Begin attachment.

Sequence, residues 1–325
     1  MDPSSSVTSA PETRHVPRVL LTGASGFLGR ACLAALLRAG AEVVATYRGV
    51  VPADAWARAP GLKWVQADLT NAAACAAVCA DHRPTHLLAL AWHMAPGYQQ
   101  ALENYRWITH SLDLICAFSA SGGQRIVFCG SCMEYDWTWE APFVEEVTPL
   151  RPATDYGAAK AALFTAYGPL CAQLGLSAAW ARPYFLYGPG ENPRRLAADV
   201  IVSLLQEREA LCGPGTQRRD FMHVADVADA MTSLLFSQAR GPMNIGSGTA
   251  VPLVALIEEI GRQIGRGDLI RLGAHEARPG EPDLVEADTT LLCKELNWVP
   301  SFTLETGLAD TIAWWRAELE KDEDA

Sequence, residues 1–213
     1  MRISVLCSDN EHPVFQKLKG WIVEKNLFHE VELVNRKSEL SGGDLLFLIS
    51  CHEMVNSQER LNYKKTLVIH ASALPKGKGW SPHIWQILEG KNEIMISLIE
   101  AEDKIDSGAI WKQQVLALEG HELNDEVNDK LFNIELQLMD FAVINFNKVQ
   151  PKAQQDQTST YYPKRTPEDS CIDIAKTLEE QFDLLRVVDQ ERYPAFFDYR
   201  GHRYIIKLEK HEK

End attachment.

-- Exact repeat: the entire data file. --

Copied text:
Sequence, residues 1–325
     1  MDPSSSVTSA PETRHVPRVL LTGASGFLGR ACLAALLRAG AEVVATYRGV
    51  VPADAWARAP GLKWVQADLT NAAACAAVCA DHRPTHLLAL AWHMAPGYQQ
   101  ALENYRWITH SLDLICAFSA SGGQRIVFCG SCMEYDWTWE APFVEEVTPL
   151  RPATDYGAAK AALFTAYGPL CAQLGLSAAW ARPYFLYGPG ENPRRLAADV
   201  IVSLLQEREA LCGPGTQRRD FMHVADVADA MTSLLFSQAR GPMNIGSGTA
   251  VPLVALIEEI GRQIGRGDLI RLGAHEARPG EPDLVEADTT LLCKELNWVP
   301  SFTLETGLAD TIAWWRAELE KDEDA

Sequence, residues 1–213
     1  MRISVLCSDN EHPVFQKLKG WIVEKNLFHE VELVNRKSEL SGGDLLFLIS
    51  CHEMVNSQER LNYKKTLVIH ASALPKGKGW SPHIWQILEG KNEIMISLIE
   101  AEDKIDSGAI WKQQVLALEG HELNDEVNDK LFNIELQLMD FAVINFNKVQ
   151  PKAQQDQTST YYPKRTPEDS CIDIAKTLEE QFDLLRVVDQ ERYPAFFDYR
   201  GHRYIIKLEK HEK